Media Microscope: Jerusalem Syndrome

Treasurer Josh Frydenberg called out Mahathir Mohammad's record of stark antisemitism, to the annoyance of some commentators

The nominal catalysts keeping the debate alive over Australia reviewing moving its embassy from Tel Aviv to Jerusalem were: 1) the fate of Australia’s imminent free trade agreement (FTA) with Indonesia; 2) Malaysian President Mahathir Mohamad’s ASEAN summit comments that an embassy shift would “add to the cause for terrorism”; and 3) Federal Treasurer Josh Frydenberg’s Bolt Report (Nov. 14) appearance noting Mahathir’s long record of antisemitism and Holocaust denial.

The Fairfax newspapers gave the appearance of a media organisation determined to find constant new angles to insist any such policy change would fracture Australian relations with regional neighbours.

For instance, there was the Age/SMH Oct. 31 story declaring that ANU international law Professor Don Rothwell had warned Australia could face legal action in The Hague if it went ahead with moving its embassy, as Palestinians have threatened against the US. No contrary legal opinion was included.

Then there was Age/SMH Nov. 3 report that former Indonesian ambassador to Australia, Nadjib Riphat Kesoema, was “shocked” by Morrison’s announcement. 

On Nov. 8, the Age/SMH reported former PM Kevin Rudd would deliver a speech in Jakarta warning against moving the embassy, arguing the US Embassy move did “fundamental violence to the Middle East peace process.” 

On Nov. 15 and 16, the latest developments warranted Age/SMH cover stories, yet these papers buried Frydenberg calling out Mahathir’s antisemitism and cogently explaining the hypocrisy of Indonesia and Malaysia demanding Australia not move its embassy when they refuse to have diplomatic relations with Israel at all. This was reported only at the tail end of a Nov. 17 report on Morrison’s call for US leadership on trade, without giving any details of what Frydenberg actually said!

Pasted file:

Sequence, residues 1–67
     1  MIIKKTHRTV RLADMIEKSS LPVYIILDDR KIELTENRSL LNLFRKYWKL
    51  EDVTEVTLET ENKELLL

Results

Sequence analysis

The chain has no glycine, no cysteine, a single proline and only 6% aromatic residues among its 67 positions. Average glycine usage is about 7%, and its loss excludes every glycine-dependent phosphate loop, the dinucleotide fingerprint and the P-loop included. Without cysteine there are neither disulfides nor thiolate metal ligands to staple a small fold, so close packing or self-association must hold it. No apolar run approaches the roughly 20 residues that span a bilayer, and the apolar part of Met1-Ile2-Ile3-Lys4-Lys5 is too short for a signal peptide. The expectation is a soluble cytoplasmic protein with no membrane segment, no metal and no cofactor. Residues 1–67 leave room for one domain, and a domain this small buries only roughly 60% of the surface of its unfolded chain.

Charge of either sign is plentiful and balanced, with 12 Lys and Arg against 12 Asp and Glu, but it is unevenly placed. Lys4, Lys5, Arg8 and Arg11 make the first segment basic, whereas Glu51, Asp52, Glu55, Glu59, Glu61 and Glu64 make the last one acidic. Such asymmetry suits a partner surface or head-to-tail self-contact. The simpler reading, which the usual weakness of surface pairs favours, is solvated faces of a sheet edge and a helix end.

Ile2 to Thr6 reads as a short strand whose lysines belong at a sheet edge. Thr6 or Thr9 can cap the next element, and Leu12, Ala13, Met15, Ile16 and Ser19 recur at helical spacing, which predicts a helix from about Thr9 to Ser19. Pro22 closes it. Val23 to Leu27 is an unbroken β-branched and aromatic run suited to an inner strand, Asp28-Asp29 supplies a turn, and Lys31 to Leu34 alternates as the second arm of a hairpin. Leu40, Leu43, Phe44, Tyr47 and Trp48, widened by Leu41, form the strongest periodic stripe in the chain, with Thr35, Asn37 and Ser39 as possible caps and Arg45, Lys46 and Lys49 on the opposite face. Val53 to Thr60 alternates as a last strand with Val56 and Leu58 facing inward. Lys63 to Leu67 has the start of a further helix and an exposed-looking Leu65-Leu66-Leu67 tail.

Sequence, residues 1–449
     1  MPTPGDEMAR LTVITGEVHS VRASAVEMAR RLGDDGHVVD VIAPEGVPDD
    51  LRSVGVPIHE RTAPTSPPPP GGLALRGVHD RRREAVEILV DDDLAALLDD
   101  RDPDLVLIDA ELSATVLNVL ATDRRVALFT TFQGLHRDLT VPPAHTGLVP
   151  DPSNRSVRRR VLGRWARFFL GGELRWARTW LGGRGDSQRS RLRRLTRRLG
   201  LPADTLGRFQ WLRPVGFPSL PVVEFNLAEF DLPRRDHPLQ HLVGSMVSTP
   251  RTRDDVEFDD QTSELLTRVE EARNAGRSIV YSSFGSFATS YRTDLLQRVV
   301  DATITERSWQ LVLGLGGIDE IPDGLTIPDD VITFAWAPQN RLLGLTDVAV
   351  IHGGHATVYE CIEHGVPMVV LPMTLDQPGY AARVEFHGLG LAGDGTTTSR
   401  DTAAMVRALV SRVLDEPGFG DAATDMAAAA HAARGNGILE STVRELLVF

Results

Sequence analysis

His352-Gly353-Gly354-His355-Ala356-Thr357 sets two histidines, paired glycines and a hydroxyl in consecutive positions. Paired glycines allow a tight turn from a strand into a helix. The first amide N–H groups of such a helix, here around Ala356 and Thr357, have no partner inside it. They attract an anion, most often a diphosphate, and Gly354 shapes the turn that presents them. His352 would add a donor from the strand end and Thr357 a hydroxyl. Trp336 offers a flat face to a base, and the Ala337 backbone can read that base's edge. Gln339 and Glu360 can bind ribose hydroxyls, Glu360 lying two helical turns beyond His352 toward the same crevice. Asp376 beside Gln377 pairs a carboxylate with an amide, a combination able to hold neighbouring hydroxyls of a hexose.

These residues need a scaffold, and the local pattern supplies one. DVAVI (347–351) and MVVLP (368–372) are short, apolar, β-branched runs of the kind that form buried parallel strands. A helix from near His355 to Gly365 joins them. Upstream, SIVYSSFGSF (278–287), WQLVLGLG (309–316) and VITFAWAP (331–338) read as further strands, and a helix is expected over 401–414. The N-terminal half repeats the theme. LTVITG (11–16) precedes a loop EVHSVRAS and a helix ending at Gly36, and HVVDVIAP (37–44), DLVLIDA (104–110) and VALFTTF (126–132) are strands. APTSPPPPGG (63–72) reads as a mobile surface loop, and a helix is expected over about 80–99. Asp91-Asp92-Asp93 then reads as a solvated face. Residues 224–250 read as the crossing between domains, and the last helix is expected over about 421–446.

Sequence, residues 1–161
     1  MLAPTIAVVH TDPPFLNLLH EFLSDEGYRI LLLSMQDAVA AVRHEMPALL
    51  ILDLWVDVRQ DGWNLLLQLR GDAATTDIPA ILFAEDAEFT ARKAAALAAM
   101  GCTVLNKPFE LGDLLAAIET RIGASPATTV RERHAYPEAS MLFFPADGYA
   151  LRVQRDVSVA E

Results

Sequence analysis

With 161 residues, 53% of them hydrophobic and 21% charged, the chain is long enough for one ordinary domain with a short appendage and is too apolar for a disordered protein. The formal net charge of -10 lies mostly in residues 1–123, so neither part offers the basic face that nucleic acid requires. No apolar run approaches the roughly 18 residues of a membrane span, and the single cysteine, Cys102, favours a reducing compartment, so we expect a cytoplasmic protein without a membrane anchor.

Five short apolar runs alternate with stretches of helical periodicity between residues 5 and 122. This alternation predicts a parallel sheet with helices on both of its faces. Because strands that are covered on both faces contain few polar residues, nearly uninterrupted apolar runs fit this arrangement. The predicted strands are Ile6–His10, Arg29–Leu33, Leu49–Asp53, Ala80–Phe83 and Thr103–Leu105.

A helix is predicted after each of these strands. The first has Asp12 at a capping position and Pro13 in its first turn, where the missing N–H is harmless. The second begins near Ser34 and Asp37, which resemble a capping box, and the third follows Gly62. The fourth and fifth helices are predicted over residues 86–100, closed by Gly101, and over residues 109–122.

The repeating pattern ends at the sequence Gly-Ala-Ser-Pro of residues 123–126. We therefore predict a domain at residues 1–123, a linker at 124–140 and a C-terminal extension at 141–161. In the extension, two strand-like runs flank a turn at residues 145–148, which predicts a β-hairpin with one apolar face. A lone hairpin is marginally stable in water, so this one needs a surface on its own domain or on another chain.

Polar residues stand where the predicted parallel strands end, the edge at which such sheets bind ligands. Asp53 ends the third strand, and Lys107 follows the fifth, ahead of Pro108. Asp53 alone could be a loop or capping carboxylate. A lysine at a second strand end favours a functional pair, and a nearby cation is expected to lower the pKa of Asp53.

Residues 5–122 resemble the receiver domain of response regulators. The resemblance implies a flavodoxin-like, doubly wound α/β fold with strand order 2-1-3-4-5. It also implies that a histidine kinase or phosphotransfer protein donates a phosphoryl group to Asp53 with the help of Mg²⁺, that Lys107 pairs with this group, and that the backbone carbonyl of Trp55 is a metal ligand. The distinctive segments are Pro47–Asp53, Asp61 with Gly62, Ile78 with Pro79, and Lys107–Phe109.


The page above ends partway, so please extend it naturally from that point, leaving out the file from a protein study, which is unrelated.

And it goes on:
Fairfax’s Australian Financial Review (AFR) seemed particularly perturbed by the potential ramifications for the FTA, warning on Nov. 15 that moving the embassy would place “us with the diplomatic outlier US President…Trump with no apparent benefit to Australia or the two-state solution.”

The AFR also attacked Frydenberg on Nov. 20 for “publicly abusing” Mahathir, which is a dubious way to describe a justified spotlight on a self-declared, proud antisemite. But at least the paper reported Frydenberg’s comments (Nov. 17).

In the AFR (Nov. 20), former Labor minister Craig Emerson seemed to have forgotten that Morrison’s Oct. 16 announcement stated any embassy move would go to west Jerusalem and that Australia “expected” east Jerusalem would be a future Palestinian state’s capital. Emerson also cited Indonesian “foreign minister’s WhatsApp message that the move would ‘slap Indonesia’s face on the Palestine issue’.” It is only a slap in the face if both countries had agreed to have identical foreign policies. 

The consensus in non-Fairfax newspaper commentary largely held the Embassy review announcement was poorly timed but argued Indonesian and Malaysian pressure was actually a reason Australia’s national interest supported a move. 

News Ltd columnist Peta Credlin (Nov. 18) said Australia formally committing to the principle of a Palestinian capital in east Jerusalem was an incentive for the Palestinians to resume peace talks.

Andrew Bolt (Nov. 19) wrote that not moving the embassy would show “Indonesia it has the right and power to tell us where to place our own embassies in countries that are our allies. Backing down now would tell everyone – including the Chinese tyranny – that we’d sell even our right to place our embassies in friendly countries for the sake of some trade.” 

The Daily Telegraph’s Tim Blair (Nov. 19) argued that “terrorist motivations are… pathetic… Mahathir…now warns Australia not to move our embassy in Israel to Jerusalem because that 54km relocation could provoke attacks.”

The Australian supported the move, as did the paper’s foreign affairs editor Greg Sheridan in columns and on ABC TV “Q&A” (Nov. 19). But the Australian’s Paul Kelly was unimpressed by the Government’s politics and policy.

Security expert Jacinta Carroll took on the argument that a move heightened the risk of terrorism, saying, “The fact that we are a successful, multicultural nation with a generally well integrated Muslim minority that has fought against terrorism already makes us a target [for al-Qaeda and ISIS]. And when you look at every country in the world that has been the victim of terrorism… the terrorists’ propaganda always says that the victims brought it on themselves. Apparently, we are all doing something wrong to justify indiscriminate slaughter,” Daily Telegraph (Nov. 17).